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A Georgia Court may grant a divorce if one of the following 13 grounds are satisfied: (1) there was an intermarriage between relatives that was prohibited by law; (2) one spouse lacked the required mental incapacity at the time of the marriage; (3) there was impotency at the time of the marriage; (4) there was force, menace, duress, or fraud in obtaining the marriage; (5) there was a pregnancy of the wife by a man other than the husband, at the time of the marriage, unknown to the husband; (6) adultery; (7) willful and continued desertion by either of the parties for the term of one year; (8) the conviction of either party for an offense involving moral turpitude, with a sentence of 2 years or longer; (9) habitual intoxication; (10) cruel treatment, meaning the willful infliction of pain, bodily or mental, upon the complaining party, such as reasonably justifies apprehension of danger to life, limb, or health; (11) incurable mental illness; (12) habitual drug addiction; or (13) the marriage is irretrievably broken. (Georgia Statutes Title 19, Chapter 5, Section 3)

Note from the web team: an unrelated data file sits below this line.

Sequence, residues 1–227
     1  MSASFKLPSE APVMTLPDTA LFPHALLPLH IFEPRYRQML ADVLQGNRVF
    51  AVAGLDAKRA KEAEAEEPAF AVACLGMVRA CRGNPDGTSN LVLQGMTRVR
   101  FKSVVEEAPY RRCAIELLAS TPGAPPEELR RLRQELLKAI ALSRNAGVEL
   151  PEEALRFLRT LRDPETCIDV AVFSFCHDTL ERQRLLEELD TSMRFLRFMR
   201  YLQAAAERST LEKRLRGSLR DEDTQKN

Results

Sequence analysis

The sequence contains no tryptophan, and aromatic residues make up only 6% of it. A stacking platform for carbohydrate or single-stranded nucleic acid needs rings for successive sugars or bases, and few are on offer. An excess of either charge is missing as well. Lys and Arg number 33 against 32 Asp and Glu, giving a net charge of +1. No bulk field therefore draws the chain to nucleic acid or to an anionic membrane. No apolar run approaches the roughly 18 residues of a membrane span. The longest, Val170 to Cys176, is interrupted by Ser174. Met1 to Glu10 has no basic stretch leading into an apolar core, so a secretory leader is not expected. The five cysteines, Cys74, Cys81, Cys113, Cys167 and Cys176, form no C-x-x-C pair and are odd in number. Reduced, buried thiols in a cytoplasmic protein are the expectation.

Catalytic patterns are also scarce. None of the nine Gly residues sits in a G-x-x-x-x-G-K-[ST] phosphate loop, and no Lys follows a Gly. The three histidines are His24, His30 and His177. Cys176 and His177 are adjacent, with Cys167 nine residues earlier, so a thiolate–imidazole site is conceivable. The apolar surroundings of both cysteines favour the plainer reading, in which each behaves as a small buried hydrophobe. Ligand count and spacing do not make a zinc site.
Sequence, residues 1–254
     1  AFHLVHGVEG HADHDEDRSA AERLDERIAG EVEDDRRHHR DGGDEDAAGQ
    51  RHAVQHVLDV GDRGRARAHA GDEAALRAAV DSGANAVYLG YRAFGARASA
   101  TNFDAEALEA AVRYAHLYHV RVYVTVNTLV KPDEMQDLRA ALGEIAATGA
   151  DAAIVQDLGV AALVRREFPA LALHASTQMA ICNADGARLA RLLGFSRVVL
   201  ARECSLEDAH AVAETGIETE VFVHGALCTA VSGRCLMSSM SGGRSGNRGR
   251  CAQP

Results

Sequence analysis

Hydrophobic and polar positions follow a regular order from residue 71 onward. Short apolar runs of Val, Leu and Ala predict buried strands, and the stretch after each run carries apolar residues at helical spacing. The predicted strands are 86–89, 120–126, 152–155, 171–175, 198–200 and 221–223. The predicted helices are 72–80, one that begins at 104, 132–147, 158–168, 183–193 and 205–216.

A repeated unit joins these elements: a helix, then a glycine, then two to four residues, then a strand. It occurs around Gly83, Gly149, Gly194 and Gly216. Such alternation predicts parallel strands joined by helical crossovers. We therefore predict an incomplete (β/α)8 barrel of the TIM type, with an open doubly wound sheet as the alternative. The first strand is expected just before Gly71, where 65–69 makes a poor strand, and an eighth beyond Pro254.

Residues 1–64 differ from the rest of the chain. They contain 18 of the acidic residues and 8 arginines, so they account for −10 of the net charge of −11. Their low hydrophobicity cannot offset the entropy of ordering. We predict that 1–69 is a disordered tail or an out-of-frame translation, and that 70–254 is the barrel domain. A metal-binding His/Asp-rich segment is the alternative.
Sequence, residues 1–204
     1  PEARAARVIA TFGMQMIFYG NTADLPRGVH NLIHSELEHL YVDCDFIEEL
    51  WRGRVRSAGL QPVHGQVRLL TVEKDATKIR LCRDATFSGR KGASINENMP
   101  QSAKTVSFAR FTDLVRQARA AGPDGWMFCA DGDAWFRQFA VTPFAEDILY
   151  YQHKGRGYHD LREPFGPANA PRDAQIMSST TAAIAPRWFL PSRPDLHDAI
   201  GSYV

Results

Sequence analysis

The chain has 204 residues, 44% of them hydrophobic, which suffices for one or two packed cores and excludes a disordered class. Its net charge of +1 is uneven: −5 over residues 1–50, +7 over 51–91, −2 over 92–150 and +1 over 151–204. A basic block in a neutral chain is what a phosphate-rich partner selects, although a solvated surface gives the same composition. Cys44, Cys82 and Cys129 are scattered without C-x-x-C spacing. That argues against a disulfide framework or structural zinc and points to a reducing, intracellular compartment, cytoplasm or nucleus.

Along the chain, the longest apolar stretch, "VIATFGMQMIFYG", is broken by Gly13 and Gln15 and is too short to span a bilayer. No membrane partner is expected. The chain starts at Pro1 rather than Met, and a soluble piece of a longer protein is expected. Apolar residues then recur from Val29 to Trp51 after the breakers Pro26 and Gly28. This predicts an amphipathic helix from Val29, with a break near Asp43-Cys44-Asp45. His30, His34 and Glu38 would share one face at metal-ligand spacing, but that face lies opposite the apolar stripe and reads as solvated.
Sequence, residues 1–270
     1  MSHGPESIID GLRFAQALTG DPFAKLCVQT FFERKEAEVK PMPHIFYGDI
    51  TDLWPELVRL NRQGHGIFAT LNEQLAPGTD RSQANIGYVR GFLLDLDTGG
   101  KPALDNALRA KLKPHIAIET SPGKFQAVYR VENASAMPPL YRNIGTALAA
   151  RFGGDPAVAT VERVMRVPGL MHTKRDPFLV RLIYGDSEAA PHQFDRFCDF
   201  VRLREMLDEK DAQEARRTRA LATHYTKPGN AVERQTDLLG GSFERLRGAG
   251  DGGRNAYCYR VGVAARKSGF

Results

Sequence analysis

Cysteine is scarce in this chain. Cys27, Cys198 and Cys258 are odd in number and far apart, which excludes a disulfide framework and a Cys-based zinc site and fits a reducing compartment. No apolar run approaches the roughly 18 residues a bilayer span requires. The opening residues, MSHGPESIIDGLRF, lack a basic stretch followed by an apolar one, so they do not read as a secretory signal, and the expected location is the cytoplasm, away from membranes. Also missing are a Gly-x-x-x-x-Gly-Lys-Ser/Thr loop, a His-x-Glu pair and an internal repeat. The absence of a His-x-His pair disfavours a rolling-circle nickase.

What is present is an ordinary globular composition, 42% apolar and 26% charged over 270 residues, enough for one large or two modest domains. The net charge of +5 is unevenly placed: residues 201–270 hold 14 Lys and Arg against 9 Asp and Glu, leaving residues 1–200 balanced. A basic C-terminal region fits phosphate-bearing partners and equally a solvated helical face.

This article is intended to be helpful and informative. But even common legal matters can become complex and stressful. A qualified divorce lawyer can address your particular legal needs, explain the law, and represent you in court. Take the first step now and contact a local divorce attorney to discuss your specific legal situation.